Dogma (1999) Review
Having not watched Dogma in years, it was interesting getting back into it again during this little run of watching all the Askew movies from Kevin Smith. In a lot of ways, I'd say this is possibly his best-made film in a lot of ways, despite some issues I'll get in down the line. It also sees Smith do something he hasn't done yet in any of these movies, an element of the supernatural.
Dogma follows a Catholic woman who is having a crisis of faith only to be visited by the Metatron, the Voice of God, who is calling on her to undertake a pilgrimage to stop Loki and Bartleby. They are two fallen angels who are banished from Heaven and live in Wisconson. Someone tipped them off to a loophole in Catholic Dogma that would allow for them to clear themselves of sin and finally being able to go home. Unknown to them is that by proving God wrong and making it back into heaven, they disprove the fundamental rule that keeps the universe in existence, God is Infallible.
The synopsis I just gave you makes this sound like a deadly serious movie, but remember this is an Askew movie, meaning it's only a matter of time before Jay and Silent Bob show up. They are the destined Prophets who are going to help Bethany get to New Jersey and stop the Angels from unmaking the world, making this their most prominent role in any of these movies so far, Jay and Silent Bob are instrumental to protecting the world.
This is where I love Kevin Smith as a director, his ability to mix the comedy and the serious nature of the movie seamlessly. Jay and Silent Bob never stop feeling like Jay and Silent Bob just because things get serious, and their absurd nature as characters never detract from what's going on. The growing desperation of Bartleby as he starts to realize that people are trying to stop him and Loki from going home does not feel at all out of place next to Silent Bob defeating a demon made out of literal shit with extra strength odor spray. There are not a lot of people out there who can mix these two things to such good effect.
You get a lot of action in this movie too, something that hasn't been featured heavily in any Askew movie thus far, and it all plays out great. On one hand, it's not nearly as well-choreographed as you would expect in an action film, but it always has the intended impact. The action scenes are all pretty brief and not the main focus, so it's not too big of a deal that they weren't put together by someone experienced in this type of thing.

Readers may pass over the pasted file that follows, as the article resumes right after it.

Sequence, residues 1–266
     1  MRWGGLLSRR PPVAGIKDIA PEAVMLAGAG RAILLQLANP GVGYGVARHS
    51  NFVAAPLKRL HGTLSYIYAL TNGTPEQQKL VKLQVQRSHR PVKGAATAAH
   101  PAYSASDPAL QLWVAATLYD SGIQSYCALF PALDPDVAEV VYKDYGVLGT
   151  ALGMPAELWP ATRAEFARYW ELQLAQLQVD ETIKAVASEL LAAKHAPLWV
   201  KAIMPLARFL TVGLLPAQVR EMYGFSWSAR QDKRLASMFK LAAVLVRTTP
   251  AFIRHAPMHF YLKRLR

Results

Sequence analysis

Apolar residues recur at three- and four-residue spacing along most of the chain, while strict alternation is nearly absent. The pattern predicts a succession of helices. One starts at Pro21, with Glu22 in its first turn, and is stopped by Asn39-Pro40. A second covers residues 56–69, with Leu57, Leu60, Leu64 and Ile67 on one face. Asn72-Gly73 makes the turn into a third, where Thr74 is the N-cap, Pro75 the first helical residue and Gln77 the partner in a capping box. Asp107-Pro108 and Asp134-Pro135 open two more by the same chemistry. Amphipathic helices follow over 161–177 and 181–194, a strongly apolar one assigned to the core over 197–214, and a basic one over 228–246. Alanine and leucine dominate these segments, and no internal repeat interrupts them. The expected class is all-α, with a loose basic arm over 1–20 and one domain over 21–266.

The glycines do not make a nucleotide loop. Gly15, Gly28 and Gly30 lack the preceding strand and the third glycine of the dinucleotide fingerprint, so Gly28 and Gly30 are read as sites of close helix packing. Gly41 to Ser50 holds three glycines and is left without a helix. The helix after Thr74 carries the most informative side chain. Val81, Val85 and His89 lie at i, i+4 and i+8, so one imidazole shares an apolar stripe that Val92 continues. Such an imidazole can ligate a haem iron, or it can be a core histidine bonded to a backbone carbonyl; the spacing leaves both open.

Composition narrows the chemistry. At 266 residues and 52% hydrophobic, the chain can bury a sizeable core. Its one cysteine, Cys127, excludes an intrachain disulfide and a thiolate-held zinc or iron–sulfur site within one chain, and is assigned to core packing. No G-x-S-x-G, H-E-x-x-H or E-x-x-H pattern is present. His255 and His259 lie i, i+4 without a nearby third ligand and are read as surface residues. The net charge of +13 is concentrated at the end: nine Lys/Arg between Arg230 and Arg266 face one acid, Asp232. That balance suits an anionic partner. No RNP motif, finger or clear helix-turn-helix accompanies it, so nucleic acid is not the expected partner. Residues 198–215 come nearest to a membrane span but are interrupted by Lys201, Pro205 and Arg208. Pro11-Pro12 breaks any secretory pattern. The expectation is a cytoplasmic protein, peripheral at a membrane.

The characters are also fantastic. While it's nice to see Jay and Silent Bob starting to grow more as characters with the progression of these movies, the show is stolen by Ben Affleck as Bartleby. Just to see how he changes from the beginning of the film as just this guy who wants to go home, to what he ends up becoming by the end is fantastic. It's interesting to see this guy full of hope and optimism become such a cruel villain right alongside seeing Bethany, who starts as Jaded and angry gradually turn into the hero. That isn't to take away from anyone else's performance, pretty much the entire cast is fantastic here.
Where the movie shines is how powerful it's themes are, and I think people are mistaken to look at the show as either pro or anti-religious. While Smith himself was, at the time, a Catholic, the show is tackling Dogmatic Beliefs, hence the name of the movie. The thing being 'attacked' by the film (I don't know if that's the best way to describe it, but it's close enough) is this strict adherence to a belief that one is simply unwilling to change or challenge. A bit unrelated to the movie itself, it's kind of neat that in that sense it's themes are not all that different from 'The Life of Brian', showing that this same idea can exist from both the atheist and religious perspective.
Despite the powerful themes and fantastic characters, in addition to that unique and great dialogue, Smith is known for, there are a couple of issues with the story. One of which is the more you think about the premise, the more flawed it becomes. The reason Bethany is tapped to stop the angels is God is incapacitated by the man pulling the strings to get the angels back into heaven. If God can so easily be incapacitated, we've already established that God is fallible. That is, of course, unless this was all a ruse and there was never actually any threat anyway. I could go on, but no matter how I look at it at least one of the core premises of the narrative can't be true for this movie to have resolved like this, and this does not sit well with me.
The second one is the movie is trying to paint God as the good guy buy... God's kind of an unlikeable asshole given the history the movie puts forward. The fate bestowed upon the Angels is downright cruel. The show want's to paint God in such a good light by how everyone who isn't the Angels views her, but to look at what is expected of them and their very nature I don't see how anyone could be on God's side here. Now, this is directed just at the depiction in this show, the actual religion, in reality, is a different subject entirely.
Even though those to things do bother me a lot, I still absolutely love this movie. I think a person could easily make the argument that this is his best film to date. It's hilarious, at times funnier than any of his previous films I think, some fun action beats, and he handles some pretty deep subject matter wonderfully. Yeah, there are those couple of big flaws in the movie, but it isn't enough to hold it back from being an all-time classic. Check it out.